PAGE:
Centrelink apology on helmet ‘weapon’

Centrelink has apologised for asking a client to take their motorcycle helmet outside as it was considered a weapon and says it is not their policy.

The official statement comes more than a week after it was revealed that David McDowell was refused entry to Centrelink in Maryborough on June 26, 2017, because his motorcycle helmet was considered a weapon.

David told us a Centrelink manager rang him to apologise, but he said he wanted an apology from the security company.

After we published the article, other readers said they had also been told to take their helmet outside at Centrelink offices in Brisbane.

Official statement

However, a Department of Human Services spokesperson has told us in an official statement that is not an official Centrelink policy.

“The department does not have a policy which bans a person from bringing a motorcycle helmet into a service centre,” the spokesperson said.

“The safety of our staff and people in our service centres is of paramount importance, and the department has a range security procedures and policies in place to ensure this occurs.

“This includes staff having an awareness of items brought into service centres that may potentially be used as a weapon, and the discretion to ask for them to be removed, if appropriate.”

David as he was dressed at Centrelink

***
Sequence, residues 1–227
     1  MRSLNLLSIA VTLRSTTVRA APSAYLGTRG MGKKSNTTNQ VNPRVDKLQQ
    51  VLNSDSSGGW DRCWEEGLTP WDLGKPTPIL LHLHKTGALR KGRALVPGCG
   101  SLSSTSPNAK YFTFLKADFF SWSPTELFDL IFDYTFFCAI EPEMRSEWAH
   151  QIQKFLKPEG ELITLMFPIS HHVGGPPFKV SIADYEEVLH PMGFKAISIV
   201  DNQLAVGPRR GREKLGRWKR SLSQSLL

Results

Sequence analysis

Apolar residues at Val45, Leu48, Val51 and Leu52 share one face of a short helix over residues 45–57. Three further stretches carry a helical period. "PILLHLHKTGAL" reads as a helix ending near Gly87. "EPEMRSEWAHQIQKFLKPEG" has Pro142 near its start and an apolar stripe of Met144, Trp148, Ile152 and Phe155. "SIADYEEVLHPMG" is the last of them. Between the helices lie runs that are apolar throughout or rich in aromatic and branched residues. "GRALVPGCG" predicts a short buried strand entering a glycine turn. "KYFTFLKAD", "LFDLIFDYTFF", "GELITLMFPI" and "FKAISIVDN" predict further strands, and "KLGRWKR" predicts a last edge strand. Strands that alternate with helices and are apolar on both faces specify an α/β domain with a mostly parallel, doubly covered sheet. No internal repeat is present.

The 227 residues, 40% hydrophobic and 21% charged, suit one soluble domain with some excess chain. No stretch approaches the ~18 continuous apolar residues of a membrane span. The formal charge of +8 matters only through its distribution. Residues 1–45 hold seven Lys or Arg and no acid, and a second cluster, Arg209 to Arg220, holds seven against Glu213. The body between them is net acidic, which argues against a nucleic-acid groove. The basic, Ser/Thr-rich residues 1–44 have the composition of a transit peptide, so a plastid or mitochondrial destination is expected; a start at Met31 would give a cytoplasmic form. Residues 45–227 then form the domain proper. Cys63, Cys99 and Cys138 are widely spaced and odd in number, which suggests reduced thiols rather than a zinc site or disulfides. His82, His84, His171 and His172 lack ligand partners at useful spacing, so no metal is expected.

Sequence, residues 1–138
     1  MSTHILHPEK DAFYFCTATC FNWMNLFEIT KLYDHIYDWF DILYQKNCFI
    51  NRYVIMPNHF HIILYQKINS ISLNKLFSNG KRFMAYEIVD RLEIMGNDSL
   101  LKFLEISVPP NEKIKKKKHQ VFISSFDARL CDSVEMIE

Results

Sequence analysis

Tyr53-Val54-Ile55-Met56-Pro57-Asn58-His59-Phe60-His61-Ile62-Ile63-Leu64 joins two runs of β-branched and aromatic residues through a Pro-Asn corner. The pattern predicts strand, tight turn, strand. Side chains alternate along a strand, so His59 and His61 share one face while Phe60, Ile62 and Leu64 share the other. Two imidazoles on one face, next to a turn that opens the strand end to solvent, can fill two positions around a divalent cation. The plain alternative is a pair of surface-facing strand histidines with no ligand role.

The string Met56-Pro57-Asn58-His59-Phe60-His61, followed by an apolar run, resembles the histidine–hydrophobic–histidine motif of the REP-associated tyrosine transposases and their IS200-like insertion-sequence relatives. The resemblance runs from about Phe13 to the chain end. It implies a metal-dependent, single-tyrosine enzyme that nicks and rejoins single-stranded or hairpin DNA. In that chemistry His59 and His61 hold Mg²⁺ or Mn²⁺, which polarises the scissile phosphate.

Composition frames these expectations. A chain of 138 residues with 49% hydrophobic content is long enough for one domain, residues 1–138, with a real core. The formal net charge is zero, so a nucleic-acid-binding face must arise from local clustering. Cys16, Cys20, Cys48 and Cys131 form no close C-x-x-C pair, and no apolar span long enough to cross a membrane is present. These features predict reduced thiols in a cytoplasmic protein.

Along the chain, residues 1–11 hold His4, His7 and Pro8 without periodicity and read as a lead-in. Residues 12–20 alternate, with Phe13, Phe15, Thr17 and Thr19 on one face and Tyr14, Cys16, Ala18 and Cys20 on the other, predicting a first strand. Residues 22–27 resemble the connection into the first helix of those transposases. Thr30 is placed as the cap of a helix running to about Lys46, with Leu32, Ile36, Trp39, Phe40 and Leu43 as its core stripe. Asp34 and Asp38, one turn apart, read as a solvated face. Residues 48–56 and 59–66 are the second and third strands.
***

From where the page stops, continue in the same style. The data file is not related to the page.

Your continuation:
David said a security guard asked him to leave his helmet outside as it was classed as a weapon.

“They wanted me to leave my helmet in the foyer, but I have several helmets and my Shoei Hornet cost over $1000. I’m not going to leave them unattended to be stolen,” he said.

“I objected and stuck my digs until they threatened to get the police and I thought ‘I don’t have the money or the time for this’.

“I was flabbergasted. I was also embarrassed because I was made to feel like a criminal. It’s not as if I’m a bikie type, either.”

David said he accepted the department’s apology, but thought it was “not good enough” that the security company did not apologise.

He says his treatment was discriminatory and the “thin edge of the wedge”.

“We can’t wear helmets when we fill up with petrol. What’s next?

“I told them that if I had a bag with bricks in it or a skateboard it would be more of a weapon than a helmet. They told me they were trying to get bags banned, too.